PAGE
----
Jet aircraft began replacing propeller-powered planes in the late 1940s. Differences in handling resulted in a high accident rate among pilots unused to the new aircraft. Lockheed developed this plane, the T-33 Shooting Star, to help pilots make the transition to jet aircraft.
The Lockheed T-Bird
Called the T-Bird, the T-33 Shooting Star is a slightly longer
version of America's first jet fighter plane, the F-80. The T-33
made its first flight in March 1948. Powered by Allison
J33-A-23 turbojet engines, the original T-Birds reached a
speed of 600 miles per hour.
60+ and Still Flying
Lockheed manufactured this
popular airplane until August
1959. Over 5,690 T-Birds rolled off
their assembly lines. The aircraft's
clean lines and solid performance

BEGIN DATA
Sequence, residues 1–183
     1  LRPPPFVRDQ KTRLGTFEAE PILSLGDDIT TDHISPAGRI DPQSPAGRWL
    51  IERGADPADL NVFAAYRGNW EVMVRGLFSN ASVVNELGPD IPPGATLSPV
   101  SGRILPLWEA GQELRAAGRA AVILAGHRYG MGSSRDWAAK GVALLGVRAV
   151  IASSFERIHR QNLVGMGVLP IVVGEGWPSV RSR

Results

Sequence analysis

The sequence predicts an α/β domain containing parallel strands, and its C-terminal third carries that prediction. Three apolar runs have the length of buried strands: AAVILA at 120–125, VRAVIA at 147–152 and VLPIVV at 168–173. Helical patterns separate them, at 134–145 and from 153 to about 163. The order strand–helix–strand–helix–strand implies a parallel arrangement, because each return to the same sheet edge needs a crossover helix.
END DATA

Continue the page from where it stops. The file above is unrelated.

made it a favorite of pilots around
the world. Many remain in service
today, more than sixty years after
their first flight.
Shooting Star No. 51-8965
This airplane, No. 51-8965, entered service in March 1953 as
part of the 3520th Pilot Training Wing at Wichita Air Force
Base, Kansas. The following year, the plane served the 3555th
Combat Crew Training Wing at Perrin Air Force Base, Texas.
In the fall of 1955, the Air Force moved this T-Bird to the
3615th Flying Training Wing at Craig Air Force Base,
Early that November, pilot William Pettit Boyd had
a landing accident. Soon afterward, the plane was transferred
to Tinker Air Force Base in Oklahoma.
The T-Bird Comes to Helena
No. 51-8965 remained in Oklahoma until early 1964, when
the Air Force assigned it museum status. Richard L. Kitchens
Post No. 41 acquired the plane on loan from the U.S. Air
Force in the mid-1960s.